I believe the real opportunity to live a life of meaning comes when we are faced with circumstances we do not desire. This is part of life. Brian Ridgway says, “Unless we decide what we don’t want, we can’t know what we do want.” So when faced with injustice, or abuse, or pain, insult, or loss of love, rejection…all the human conditions common to us all, what choices are there for how to respond. Here are a few suggestions:
- Pause, take 3-5 deep breaths. Let the logical thinking part of your brain, frontal cortex, catch up with the hijacked amygdala, the emotion center. Also, deep slow controlled breathing sends a message to the brain that calms and controls the nervous system.
- What is the right thing to do in the moment? Put it in perspective. It’s been said to ask yourself, “Will what is happening right now matter in 2, in 5, in 10 years?” Probably best to walk away.
- When there is a circumstance where someone you care about has hurt your feelings or done something that makes you mad, best to wait until emotion has subsided. However, very important that you let the person know how you felt. So often we hold our emotions in, never express them, and expect the other person to know, when nothing has been said. It is not fair to expect someone to read your mind when it hasn’t been expressed. Best to talk about it and clear the air. The same is true when in the work place, misunderstandings emerge. Best to talk about them instead of repressing thoughts and feeling.
- Be true to yourself. Know what is important to you and what a priority is for you. Is your time spent in alignment with what you say matters most to you? This is where actions speak louder than words. Walk the talk. This is when the path you take is aligned with life giving back meaning.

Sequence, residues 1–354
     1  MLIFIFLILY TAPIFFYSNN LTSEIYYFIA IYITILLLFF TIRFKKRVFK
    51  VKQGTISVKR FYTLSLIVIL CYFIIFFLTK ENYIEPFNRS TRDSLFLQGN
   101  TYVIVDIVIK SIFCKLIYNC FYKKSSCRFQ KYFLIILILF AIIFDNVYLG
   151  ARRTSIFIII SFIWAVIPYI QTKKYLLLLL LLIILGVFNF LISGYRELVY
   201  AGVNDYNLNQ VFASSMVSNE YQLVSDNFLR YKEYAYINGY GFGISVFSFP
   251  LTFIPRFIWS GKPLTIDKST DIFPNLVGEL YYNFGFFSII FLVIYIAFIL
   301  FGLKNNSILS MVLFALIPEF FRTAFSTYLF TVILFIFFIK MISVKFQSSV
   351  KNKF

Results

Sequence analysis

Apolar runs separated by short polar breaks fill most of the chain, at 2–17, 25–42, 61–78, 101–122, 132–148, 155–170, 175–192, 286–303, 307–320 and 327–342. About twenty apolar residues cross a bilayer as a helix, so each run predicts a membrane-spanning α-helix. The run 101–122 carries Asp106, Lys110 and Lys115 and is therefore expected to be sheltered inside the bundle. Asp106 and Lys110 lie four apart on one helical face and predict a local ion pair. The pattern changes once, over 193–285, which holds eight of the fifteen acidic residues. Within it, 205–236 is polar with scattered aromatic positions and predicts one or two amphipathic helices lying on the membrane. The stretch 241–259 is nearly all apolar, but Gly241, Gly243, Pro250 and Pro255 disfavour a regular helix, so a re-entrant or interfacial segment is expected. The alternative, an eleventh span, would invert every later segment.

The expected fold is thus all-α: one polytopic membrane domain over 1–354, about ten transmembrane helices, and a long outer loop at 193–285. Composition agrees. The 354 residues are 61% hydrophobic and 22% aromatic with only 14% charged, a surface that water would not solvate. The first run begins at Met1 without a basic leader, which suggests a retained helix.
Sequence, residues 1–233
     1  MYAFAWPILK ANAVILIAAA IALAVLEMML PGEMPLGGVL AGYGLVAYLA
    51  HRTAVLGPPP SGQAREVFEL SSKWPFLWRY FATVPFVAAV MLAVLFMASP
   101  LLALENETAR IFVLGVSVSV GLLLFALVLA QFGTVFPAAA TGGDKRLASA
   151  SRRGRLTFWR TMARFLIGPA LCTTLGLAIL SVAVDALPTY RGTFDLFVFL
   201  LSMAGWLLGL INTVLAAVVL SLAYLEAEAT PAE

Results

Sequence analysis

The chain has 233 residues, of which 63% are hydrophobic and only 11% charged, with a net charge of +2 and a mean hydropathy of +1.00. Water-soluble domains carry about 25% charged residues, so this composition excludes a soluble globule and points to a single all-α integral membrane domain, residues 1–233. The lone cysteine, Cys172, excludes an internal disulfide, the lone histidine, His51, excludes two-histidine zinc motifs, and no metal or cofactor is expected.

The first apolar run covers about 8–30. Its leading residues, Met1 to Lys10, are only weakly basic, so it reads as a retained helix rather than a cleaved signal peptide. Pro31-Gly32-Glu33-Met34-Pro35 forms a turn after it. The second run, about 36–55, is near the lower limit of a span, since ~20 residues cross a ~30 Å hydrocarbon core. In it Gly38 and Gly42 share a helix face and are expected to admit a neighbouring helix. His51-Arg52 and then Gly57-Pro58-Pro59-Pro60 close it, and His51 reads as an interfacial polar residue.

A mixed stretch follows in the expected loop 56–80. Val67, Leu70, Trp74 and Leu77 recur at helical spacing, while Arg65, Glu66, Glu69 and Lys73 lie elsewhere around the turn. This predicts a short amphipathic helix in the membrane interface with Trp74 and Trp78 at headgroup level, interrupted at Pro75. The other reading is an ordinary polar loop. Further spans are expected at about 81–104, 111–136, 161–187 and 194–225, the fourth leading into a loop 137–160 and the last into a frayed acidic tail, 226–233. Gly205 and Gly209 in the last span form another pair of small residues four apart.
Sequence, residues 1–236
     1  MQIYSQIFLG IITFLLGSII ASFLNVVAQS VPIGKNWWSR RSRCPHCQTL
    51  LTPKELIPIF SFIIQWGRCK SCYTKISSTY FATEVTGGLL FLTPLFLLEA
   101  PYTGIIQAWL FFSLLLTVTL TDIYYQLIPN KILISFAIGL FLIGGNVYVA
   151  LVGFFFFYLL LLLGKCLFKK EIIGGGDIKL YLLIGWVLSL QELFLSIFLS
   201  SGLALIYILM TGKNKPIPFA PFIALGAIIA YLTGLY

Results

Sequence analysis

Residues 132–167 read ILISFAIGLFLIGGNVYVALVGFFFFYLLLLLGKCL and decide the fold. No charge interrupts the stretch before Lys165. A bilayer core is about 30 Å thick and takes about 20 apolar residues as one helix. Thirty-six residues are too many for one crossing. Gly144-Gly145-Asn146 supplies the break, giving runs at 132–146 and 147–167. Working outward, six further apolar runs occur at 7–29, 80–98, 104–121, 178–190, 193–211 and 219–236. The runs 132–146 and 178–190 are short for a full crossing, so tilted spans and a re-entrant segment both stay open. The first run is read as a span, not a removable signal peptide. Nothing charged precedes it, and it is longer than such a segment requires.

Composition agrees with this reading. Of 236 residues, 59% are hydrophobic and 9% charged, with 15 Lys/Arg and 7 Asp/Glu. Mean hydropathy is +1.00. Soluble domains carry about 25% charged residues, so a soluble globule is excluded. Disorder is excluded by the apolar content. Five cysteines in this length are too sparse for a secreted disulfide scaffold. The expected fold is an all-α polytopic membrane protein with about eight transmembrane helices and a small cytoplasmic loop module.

Consistently speak up and be able to say no if asked to do something that is not a priority for you. This goes the other way too. Is time with family a priority? Is health a priority? Is friendship a priority? If you find yourself saying, “I’m too busy at night to read to my kids.” Or “I don’t have time to go to the gym.” Or “I have to work late. I don’t have time to meet up with my friends.” What you are saying when you don’t make time, is it is not a priority! Be clear what matters most and be aware how much time you make for that.
Viktor Frankl says that between stimulus and response, there is space. In that space is our power to choose our response. In that response lies our growth and our freedom. Frankl believed that within every circumstance, life is still expecting something: something in the present and something in the future. If we see life as something greater than our self, does it help to think, what is life expecting of me now? Is it to be angry, unforgiving, spiteful, jealous…all of those choices that do not serve others or our self? Or are we given circumstances in order to learn something, become stronger, or to be a model, an example as to how a higher power is more in control than my weaker human tendencies.